249 1 get a jury. So maybe when we have our case 2 management conference we can settle this down a 3 little bit and see what days we have and what have 4 you. 5 But as I'm looking at this and as I'm hearing 6 this, it may be very hard for us to get much done. 7 It's the week of the 10th -- see, that is a good 8 week for me, and it's probably a good week for 9 you-all, but the problem is, I said we pretty much 10 would take that week and finish up anything we still 11 have hanging on. 12 So just be aware that the month of June is 13 going to be fairly flexible, and you all will have 14 some time to work on your case. Unless you get 15 bogged down taking depositions up until the last 16 minute, you can kind of spend some of that time 17 preparing your case. 18 MR. WEINBERG: If you recall, the beginning of 19 June I would be gone to my son's graduation from 20 college up in Massachusetts, but that will be okay, 21 basically, what you just said. 22 THE COURT: Yes, that will work. So I'm just 23 kind of advising you of all those little problems. 24 I wrote down a couple of things -- so I want to 25 start next week -- I think I'll go ahead and do my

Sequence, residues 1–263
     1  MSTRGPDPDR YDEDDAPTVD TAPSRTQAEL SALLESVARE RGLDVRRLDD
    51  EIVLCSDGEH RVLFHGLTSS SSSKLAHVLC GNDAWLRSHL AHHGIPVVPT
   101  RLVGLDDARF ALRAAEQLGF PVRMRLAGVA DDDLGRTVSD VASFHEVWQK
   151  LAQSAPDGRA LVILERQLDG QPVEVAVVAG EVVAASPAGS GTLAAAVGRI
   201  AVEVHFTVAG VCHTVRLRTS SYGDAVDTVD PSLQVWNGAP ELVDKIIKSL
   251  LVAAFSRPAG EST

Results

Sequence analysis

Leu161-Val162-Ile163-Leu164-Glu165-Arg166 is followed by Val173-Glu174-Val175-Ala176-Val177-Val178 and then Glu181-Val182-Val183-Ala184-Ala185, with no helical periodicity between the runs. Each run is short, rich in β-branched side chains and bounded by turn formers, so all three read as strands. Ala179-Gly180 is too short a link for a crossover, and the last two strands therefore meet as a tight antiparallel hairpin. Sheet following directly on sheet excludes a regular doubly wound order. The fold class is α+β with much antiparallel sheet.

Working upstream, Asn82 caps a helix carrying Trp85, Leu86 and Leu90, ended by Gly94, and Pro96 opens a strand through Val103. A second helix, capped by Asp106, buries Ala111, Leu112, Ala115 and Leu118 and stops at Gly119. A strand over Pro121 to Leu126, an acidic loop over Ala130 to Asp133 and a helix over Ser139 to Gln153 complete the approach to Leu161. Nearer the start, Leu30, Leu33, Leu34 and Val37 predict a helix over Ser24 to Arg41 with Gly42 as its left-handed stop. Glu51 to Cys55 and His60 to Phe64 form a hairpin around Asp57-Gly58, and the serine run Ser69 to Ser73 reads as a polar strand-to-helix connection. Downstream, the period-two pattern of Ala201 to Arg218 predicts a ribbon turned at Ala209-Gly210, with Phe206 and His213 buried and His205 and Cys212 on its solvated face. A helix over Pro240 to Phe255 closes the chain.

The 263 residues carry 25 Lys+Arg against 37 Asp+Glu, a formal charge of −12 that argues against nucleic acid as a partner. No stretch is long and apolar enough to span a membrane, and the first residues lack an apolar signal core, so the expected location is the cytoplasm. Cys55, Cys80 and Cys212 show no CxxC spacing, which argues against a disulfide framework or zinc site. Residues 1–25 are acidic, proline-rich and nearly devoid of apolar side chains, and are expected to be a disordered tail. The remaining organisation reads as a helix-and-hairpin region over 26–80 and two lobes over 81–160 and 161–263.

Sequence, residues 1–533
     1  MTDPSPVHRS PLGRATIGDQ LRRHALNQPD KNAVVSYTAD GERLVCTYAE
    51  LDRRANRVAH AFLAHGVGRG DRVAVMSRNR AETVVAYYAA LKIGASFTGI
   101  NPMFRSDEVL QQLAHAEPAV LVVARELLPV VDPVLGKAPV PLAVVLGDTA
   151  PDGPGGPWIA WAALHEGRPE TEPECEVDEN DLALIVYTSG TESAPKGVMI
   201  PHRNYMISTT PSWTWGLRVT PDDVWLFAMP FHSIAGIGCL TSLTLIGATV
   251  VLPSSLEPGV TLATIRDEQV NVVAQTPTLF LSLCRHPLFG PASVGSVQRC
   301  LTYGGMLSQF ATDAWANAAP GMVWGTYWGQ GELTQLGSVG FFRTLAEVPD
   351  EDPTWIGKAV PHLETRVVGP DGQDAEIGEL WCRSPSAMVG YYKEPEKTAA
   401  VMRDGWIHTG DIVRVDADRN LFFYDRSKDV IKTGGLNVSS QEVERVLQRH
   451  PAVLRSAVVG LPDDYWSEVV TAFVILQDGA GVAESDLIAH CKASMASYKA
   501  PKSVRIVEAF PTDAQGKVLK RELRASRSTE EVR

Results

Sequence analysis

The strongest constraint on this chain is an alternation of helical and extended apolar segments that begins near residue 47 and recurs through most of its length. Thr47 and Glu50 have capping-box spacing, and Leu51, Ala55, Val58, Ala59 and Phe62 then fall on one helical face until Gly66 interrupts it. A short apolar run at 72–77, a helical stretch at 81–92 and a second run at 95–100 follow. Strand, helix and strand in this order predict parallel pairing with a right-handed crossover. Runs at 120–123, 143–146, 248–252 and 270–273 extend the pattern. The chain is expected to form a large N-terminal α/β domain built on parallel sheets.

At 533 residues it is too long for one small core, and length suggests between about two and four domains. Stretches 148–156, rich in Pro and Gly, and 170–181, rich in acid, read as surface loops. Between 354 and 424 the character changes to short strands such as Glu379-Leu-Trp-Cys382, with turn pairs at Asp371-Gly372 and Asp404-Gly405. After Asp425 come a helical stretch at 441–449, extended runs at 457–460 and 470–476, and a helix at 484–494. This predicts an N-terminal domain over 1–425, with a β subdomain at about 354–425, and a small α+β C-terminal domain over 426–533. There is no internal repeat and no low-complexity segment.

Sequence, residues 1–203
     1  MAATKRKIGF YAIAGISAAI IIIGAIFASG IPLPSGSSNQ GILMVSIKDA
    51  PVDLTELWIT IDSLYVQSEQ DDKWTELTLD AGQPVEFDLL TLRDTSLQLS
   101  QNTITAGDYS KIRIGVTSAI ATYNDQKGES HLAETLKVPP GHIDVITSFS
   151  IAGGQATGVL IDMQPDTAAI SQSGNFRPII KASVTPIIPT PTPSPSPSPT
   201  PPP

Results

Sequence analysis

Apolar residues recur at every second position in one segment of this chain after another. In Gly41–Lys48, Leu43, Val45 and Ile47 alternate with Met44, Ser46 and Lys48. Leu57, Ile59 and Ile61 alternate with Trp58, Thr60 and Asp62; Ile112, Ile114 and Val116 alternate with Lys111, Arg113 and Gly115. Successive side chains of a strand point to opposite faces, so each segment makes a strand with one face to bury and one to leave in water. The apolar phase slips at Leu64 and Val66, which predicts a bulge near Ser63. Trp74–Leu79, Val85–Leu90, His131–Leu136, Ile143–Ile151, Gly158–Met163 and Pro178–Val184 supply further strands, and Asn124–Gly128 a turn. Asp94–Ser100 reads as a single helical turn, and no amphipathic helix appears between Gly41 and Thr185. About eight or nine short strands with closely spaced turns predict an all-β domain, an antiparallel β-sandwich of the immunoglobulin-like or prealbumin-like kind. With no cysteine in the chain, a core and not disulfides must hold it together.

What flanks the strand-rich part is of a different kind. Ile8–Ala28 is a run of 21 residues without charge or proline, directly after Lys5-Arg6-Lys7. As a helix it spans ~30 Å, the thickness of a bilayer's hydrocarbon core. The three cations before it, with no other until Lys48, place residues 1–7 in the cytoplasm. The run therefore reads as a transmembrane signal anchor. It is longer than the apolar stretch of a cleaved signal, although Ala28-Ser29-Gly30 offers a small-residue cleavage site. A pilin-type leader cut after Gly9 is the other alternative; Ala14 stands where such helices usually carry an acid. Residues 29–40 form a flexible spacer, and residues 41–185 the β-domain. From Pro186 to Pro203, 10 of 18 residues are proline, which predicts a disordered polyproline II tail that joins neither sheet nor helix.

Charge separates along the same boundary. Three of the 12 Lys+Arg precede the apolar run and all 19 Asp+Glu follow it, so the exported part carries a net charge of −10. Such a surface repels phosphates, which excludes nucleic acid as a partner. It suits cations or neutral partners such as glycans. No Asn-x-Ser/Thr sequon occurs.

250 1 regular calendar. We'll just go this afternoon, all 2 day tomorrow, see where we end up. If we can finish 3 Ms. Brooks and Mr. Minton, that is the end of your 4 case, I think you said. 5 MR. FUGATE: We've got some documents. But 6 other than that, that will be the live witness 7 testimony. 8 THE COURT: We can at least finish that part of 9 it. 10 MR. DANDAR: And the defense witnesses, 11 unfortunately, after tomorrow, are gone and will not 12 be available again until the 15th. 13 THE COURT: Where are they gone? 14 MR. DANDAR: Out of state. Jessie Prince will 15 be gone Wednesday to go to California on the 16 Wollersheim Scientology case, and Peter Alexander is 17 on the road after tomorrow. Those are two key 18 witnesses. And they will not be back until the 15th 19 or after the 15th. 20 THE COURT: Well, as I said, I have the week of 21 the 10th and the week of the 17th. 22 MR. DANDAR: All right. 23 THE COURT: We have a lot of senior judge days 24 left all, of which have to be used by July, so I'm 25 in a real good position of getting all I want.